Beauty is in the eye of the beholder.

The best advice is found on the pillow.

Better safe than sorry.

The bigger, the better.

A bird in the hand is worth two in the bush.

Birds of a feather flock together.

 

Curiosity killed the cat.

 

Don’t count your chickens before they hatch.

Don’t cross your bridges before you get to them.

 

The early bird catches the worm.

 

Good things come in small packages.

The grass is always greener on the other side of the fence.

 

Home is where the heart is.

 

It’s no use crying over spilled milk.

 

A kite rises against the wind.

 

Money doesn’t grow on trees.

 

Necessity is the mother of invention.

 

Opposites attract.

An ounce of prevention is worth a pound of cure.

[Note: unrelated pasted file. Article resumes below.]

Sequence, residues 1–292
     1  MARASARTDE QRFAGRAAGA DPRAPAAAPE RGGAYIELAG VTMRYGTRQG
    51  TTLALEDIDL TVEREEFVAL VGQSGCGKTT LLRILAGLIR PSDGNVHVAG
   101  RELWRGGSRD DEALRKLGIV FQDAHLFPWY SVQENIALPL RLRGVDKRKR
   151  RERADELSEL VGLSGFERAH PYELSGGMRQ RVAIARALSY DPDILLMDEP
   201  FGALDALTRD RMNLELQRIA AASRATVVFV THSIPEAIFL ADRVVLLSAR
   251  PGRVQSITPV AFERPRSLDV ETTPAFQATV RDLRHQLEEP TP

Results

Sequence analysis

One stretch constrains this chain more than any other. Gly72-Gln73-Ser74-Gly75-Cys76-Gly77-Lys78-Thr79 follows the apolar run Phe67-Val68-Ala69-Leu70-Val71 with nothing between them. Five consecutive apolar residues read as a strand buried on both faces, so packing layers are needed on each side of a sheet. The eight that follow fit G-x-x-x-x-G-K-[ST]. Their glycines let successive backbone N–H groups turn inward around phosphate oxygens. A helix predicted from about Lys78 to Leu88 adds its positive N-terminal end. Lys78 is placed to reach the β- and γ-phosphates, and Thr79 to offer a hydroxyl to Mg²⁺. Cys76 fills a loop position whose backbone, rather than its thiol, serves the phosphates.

The pen is mightier than the sword.

A picture is worth a thousand words.

Procrastination is the thief of time.

 

Safety lies in the middle course.

Silence is golden.

A stitch in time saves nine.

 

There’s no place like home.

Time flies.

Too many cooks spoil the broth.

 

 

Variety is the spice of life.

 

You can lead a horse to water, but you can’t make it drink.

You can’t judge a book by its cover.

You can’t take it with you when you die.

May 14, 2008 Posted by | Uncategorized | Leave a comment

Educational Psychology